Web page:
The Bank Cormorant Phalacrocorax neglectus is endemic to the Benguela Upwelling System of southern Africa. Most breeding colonies occur on offshore rocks, islands or man-made structures close to the high-water mark. Despite adaptations for breeding close to the water, nests can be lost to storms. Using data from two colonies where food is not considered limiting, we present a comparative study on nest survival in Bank Cormorants. Using a combination of the Mayfield method and parametric survival analysis, nest success was compared in nests on man-made structures at Robben Island, South Africa, where birds breed during the austral winter, with nests on man-made and natural structures at Mercury Island, Namibia, where Bank Cormorants breed during the austral summer. Overall, the probability of a nest surviving the breeding attempt was lower at Robben Island than at Mercury Island in all three seasons. Nest failures at Robben Island were related to wave heights and air temperature, with trends to suggest reduced chick survival in years where major storm events occurred during peak breeding. A heat wave appeared to cause major chick mortality at Mercury Island in 2005. Nest survival was relatively invariable between years at the main site monitored on Mercury Island, where nests were partially sheltered from the sun, but breeding productivity was poor in comparison to other cormorant species. Winter breeding in South Africa may increase the risk from storms but reduce the risk of heat exposure. An understanding of the impact of stochastic events on Bank Cormorants may be important in safe-guarding the continued survival of the species, particularly in light of the risks posed by future climate change.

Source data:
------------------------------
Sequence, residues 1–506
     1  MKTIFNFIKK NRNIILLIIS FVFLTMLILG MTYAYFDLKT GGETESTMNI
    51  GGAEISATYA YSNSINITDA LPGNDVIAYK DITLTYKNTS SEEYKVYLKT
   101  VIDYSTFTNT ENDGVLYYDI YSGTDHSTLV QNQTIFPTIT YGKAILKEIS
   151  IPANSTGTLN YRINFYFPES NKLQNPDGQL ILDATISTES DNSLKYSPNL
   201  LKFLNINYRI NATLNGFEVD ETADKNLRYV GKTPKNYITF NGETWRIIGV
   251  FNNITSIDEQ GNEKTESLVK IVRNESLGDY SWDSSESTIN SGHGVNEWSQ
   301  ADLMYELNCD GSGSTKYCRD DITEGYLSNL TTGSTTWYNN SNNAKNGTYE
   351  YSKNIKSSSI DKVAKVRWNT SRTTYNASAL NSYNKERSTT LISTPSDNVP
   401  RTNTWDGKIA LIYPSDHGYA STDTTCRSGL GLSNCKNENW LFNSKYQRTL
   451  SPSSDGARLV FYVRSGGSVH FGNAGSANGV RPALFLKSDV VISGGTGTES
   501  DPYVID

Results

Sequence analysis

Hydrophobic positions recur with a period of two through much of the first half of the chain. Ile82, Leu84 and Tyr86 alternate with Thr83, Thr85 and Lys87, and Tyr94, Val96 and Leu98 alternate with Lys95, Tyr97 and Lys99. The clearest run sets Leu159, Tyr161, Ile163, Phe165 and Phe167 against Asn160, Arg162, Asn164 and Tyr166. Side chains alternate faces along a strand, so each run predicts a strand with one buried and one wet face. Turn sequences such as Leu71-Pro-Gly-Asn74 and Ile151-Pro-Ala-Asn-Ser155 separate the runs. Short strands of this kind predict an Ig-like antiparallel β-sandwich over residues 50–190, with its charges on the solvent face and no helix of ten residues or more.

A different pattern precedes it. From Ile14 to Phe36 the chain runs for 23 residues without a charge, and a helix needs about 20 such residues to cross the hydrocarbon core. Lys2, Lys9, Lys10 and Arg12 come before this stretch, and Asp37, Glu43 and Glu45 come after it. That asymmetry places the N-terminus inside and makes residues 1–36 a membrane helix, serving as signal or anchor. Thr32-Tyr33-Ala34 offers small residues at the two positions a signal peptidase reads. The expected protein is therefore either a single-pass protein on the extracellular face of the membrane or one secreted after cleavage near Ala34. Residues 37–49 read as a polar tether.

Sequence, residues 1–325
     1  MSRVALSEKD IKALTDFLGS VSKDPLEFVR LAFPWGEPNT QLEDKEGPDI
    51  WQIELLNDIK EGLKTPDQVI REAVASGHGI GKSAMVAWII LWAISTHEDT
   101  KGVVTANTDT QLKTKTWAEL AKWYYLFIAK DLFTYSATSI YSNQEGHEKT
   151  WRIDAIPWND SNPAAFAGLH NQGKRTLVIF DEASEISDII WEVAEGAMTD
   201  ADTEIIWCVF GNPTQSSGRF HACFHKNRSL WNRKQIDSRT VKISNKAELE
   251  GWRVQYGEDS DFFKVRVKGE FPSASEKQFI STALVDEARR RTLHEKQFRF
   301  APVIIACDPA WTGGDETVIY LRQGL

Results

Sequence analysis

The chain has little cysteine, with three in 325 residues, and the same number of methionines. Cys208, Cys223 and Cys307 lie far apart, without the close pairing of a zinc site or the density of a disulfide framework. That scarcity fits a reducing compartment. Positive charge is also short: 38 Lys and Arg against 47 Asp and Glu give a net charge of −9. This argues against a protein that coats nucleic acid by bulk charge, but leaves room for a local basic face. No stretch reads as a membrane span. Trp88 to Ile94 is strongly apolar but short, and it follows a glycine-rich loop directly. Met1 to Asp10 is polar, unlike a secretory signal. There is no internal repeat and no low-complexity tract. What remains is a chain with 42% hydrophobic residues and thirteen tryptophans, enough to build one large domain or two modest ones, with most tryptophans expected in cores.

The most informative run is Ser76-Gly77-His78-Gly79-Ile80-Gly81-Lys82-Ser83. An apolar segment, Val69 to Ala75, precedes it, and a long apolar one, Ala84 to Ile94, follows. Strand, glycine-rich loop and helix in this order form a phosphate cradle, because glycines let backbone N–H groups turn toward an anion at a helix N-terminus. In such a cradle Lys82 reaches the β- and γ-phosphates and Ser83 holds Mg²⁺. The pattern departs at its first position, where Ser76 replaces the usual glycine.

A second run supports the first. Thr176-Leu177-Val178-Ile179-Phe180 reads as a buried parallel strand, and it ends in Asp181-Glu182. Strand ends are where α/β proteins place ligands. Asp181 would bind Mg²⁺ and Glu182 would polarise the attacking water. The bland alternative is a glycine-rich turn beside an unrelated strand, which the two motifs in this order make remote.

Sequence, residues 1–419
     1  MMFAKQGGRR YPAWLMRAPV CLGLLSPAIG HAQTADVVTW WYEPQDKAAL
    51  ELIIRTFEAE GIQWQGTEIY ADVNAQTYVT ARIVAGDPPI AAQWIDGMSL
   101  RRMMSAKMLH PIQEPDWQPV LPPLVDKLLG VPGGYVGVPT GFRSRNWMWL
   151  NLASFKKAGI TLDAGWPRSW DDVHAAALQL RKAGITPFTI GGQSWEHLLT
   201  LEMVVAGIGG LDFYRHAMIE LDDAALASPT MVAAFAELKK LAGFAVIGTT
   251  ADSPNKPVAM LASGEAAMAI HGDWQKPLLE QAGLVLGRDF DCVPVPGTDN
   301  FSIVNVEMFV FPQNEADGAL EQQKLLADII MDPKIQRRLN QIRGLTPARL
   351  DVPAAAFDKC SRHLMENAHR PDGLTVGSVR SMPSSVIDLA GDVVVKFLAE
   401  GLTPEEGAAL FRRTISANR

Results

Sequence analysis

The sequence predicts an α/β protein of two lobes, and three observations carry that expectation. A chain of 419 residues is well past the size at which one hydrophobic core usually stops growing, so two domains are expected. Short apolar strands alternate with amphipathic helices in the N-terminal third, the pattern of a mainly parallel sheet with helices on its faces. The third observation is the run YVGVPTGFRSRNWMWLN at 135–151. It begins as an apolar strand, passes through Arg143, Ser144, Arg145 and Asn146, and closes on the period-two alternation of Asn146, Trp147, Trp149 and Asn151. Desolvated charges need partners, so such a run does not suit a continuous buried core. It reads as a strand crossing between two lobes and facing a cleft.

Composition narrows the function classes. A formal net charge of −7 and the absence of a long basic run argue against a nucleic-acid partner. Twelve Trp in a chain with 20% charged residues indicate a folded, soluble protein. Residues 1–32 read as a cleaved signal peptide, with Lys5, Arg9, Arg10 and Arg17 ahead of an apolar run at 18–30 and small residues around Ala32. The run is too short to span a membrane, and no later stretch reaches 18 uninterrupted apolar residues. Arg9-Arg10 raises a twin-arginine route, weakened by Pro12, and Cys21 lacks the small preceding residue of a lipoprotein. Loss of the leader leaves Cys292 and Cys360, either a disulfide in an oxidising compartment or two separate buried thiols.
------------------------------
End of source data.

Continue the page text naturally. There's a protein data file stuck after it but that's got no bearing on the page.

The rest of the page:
|Translated title of the contribution||Storms and heat limit the nest success of Bank Cormorants: implications of future climate change for a surface-nesting seabird in southern Africa|
|Journal||Journal of Ornithology|
|Publication status||Published - 2011|